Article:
All'origine del vampiro: Leone Allacci e il 'burculaca'

Tommaso Braccini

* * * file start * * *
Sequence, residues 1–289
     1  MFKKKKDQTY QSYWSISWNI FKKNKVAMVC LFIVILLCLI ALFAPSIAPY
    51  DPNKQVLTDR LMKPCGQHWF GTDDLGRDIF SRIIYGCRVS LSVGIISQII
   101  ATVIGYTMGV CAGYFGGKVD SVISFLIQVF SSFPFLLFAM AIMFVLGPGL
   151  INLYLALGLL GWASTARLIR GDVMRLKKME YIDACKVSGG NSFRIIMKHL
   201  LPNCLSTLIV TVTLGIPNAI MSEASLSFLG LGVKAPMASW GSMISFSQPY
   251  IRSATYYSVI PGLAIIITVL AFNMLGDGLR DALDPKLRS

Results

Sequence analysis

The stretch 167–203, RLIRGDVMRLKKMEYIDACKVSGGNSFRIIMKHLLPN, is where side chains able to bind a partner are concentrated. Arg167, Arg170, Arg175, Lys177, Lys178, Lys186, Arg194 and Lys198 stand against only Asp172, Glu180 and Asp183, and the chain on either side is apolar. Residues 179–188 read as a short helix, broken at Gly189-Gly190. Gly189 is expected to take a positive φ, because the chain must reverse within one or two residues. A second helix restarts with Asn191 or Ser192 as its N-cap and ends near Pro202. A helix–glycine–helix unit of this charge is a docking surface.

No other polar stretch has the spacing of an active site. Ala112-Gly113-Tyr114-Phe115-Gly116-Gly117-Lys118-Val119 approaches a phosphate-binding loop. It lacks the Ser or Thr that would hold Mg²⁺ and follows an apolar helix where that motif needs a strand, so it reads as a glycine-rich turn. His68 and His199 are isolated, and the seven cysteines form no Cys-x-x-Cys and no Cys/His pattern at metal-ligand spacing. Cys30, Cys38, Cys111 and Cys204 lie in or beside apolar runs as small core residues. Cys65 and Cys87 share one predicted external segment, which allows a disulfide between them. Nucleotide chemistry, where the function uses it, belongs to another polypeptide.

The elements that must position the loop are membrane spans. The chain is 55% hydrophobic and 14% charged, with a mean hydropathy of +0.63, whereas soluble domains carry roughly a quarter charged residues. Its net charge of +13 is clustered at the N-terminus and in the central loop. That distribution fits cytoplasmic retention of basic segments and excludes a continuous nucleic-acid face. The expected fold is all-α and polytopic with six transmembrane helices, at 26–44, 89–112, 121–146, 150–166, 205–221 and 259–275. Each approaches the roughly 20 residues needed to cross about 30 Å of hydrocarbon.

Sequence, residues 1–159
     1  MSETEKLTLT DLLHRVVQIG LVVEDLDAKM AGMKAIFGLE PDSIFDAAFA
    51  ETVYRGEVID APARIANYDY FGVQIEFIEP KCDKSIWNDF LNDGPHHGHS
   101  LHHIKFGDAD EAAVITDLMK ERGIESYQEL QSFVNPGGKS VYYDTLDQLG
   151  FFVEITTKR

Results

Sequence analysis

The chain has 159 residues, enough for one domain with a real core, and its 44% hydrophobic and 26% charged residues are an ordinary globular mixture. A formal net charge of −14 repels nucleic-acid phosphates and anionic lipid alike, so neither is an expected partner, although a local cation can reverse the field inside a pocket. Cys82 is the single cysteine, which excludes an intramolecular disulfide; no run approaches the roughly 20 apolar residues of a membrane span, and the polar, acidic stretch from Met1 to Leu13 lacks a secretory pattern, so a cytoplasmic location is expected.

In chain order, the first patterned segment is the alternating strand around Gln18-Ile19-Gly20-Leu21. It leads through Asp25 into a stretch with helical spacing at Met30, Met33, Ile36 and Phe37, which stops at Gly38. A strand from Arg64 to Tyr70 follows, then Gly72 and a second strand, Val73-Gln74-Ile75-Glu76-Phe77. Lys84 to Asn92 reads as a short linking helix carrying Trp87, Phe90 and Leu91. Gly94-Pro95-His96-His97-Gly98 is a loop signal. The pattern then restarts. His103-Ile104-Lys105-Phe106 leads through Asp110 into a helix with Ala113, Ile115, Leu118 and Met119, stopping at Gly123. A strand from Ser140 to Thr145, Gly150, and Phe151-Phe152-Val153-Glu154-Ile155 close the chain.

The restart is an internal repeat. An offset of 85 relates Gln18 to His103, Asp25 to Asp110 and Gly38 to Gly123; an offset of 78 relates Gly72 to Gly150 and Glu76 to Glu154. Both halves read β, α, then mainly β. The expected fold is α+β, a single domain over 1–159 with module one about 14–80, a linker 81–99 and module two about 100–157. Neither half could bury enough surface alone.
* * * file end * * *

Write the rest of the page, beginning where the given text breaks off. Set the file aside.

Leo Allatius (1586-1669) dealt extensively with contemporary Greek folklore in his treatise "De Graecorum hodie quorundam opinationibus" (1645), "On the beliefs of some modern Greeks". In particular, he wrote about the "vampires" who haunted the Greek islands: undecaying dead bodies who were believed to come out of their graves at night to terrorize and even kill people. Allatius does not distinguish between burculaca and tympaniaios (the two species of 'vampire' found in Orthodox canon law texts) and tries to explain this phenomenon in two ways: either these corpses are animated by the devil, or they are still inhabited, as a penance, by the sinful souls of their former owners. Some scholars have argued that Allatius' handling of this matter is heavily influenced by his catholic faith and his belief in Purgatory. A thorough analysis of Greek folklore, travellers' accounts and Byzantine texts seems to demonstrate that Allatius' views were widespread and dated back to Byzantine times, and that they were influenced, moreover, by the diffusion of the medieval heresy of Bogomilism.

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